It is important to remember that work to bridge these sectors is not completely new. For example, IUCN recently measured global progress on the inclusion of gender considerations and the adoption of gender-responsive policies and programming in the context of  NDCs. The analysis shows that countries around the world increasingly recognise women as vital stakeholders and agents of change in urgent climate action, with an increase of 40% of NDCs reviewed in 2016 including at least one mention of gender to 78% of NDCs in 2021. These changes are a result of establishing gender policies in existing global climate mechanisms, and partnerships which recognise the value of gender integration in climate policy. Cross-sectoral partnerships are key for moving the dial forward on rights-based climate policymaking.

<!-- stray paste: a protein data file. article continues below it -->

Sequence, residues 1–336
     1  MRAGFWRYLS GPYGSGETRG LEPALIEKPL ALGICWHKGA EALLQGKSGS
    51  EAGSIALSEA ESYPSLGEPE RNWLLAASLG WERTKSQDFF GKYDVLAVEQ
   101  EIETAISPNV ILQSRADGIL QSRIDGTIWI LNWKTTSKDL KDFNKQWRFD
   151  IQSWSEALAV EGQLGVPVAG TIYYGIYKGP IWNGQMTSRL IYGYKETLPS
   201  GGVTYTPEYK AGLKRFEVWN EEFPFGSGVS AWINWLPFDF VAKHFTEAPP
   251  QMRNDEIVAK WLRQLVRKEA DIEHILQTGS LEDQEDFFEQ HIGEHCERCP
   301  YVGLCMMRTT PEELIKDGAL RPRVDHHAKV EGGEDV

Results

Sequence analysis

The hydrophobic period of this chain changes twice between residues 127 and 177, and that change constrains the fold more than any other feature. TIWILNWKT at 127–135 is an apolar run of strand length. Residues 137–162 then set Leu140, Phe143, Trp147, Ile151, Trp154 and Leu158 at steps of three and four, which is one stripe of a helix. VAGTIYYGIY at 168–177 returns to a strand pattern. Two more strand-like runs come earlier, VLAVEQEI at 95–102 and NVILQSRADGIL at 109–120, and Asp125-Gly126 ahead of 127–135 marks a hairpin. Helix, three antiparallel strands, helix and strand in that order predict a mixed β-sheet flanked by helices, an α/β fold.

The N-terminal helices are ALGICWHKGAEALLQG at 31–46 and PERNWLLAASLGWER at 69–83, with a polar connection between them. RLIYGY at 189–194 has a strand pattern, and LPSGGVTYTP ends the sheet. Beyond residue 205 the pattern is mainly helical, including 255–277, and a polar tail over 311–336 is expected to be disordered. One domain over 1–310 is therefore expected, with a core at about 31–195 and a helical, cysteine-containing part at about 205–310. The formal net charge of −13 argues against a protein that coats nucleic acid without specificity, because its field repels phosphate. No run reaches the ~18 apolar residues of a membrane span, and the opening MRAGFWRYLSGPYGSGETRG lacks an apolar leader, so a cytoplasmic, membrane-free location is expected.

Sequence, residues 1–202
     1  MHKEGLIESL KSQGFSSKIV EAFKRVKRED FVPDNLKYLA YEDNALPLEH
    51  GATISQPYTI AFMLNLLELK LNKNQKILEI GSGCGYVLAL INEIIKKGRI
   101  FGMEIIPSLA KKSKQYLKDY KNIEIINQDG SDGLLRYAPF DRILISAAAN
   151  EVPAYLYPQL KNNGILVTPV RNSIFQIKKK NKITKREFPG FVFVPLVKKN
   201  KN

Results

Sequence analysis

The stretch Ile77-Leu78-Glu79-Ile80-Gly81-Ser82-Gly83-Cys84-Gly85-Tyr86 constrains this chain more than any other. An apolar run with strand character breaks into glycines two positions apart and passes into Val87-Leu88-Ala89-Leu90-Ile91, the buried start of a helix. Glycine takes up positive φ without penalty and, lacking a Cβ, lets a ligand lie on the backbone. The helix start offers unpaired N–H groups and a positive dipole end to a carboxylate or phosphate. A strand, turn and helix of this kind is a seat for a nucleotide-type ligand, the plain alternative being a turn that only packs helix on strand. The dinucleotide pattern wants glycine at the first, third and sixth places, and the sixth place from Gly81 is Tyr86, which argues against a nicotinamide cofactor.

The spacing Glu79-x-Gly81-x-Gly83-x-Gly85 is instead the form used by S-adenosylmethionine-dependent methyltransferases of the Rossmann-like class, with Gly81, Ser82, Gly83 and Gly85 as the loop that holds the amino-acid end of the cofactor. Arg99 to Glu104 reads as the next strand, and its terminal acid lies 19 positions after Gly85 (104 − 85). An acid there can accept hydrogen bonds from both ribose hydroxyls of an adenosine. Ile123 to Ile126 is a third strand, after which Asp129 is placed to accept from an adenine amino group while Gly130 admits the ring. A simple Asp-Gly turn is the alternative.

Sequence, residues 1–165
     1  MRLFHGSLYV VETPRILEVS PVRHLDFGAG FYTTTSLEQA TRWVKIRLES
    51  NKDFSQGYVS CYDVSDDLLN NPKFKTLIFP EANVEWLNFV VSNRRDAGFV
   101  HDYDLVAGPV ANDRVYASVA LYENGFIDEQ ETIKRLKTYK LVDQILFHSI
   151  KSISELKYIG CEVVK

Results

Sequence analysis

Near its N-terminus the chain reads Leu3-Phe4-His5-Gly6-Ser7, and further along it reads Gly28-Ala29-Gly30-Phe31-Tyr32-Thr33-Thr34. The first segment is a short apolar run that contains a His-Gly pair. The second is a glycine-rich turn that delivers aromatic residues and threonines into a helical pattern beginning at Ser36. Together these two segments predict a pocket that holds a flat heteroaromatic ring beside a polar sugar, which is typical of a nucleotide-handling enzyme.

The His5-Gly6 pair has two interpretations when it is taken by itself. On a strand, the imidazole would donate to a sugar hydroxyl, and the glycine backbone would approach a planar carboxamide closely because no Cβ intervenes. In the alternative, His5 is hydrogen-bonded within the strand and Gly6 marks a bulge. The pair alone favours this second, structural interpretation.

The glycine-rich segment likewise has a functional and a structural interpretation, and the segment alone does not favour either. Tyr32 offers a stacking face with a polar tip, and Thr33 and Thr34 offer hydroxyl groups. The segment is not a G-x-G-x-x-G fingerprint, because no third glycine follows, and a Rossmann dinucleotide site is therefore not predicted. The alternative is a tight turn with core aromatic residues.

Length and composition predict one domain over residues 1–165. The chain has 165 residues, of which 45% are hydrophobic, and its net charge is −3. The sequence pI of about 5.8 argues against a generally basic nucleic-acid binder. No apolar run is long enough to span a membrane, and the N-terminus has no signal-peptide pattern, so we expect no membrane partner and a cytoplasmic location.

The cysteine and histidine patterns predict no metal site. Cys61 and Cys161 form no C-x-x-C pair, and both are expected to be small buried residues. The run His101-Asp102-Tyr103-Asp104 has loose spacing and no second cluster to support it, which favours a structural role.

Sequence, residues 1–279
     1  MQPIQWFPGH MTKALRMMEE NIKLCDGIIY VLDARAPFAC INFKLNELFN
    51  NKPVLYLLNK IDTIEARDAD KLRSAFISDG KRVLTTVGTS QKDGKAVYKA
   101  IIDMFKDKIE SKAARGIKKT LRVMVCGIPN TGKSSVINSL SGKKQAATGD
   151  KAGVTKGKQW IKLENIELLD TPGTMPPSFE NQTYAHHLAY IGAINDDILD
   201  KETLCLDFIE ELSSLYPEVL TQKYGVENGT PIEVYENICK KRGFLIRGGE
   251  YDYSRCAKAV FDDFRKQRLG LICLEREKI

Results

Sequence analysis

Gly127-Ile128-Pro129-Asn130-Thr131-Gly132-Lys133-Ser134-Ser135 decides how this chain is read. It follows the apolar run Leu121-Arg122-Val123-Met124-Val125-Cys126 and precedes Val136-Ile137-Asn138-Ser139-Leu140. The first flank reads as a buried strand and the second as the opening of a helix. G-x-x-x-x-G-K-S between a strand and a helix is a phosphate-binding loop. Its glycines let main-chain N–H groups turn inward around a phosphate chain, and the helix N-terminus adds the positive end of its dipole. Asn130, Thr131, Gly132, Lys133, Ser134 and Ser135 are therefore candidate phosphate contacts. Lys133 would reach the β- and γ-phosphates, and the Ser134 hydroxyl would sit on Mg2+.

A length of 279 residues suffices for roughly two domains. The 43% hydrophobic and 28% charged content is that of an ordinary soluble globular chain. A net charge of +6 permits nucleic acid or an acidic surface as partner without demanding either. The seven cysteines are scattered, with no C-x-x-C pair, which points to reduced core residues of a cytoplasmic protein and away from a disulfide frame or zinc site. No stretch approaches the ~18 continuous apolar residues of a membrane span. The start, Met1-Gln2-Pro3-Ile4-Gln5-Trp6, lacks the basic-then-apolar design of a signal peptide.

Tools to strengthen policies and partnerships already exist but must be used to result in intended outcomes. For example, the NDC Practical Guide for Developing Gender-Responsive NDC Action Plans provides an overarching framework for integrating gender considerations in national climate change planning and investment opportunities. Meanwhile, the ccGAP methodology pioneered by IUCN is designed to bridge the needs of women and national gender mechanisms into the climate machinery. Both of these tools build on a country’s national development and climate change policy or strategy and work in partnership with women’s organisations and community-level experts, identifying gender-specific issues in priority climate sectors.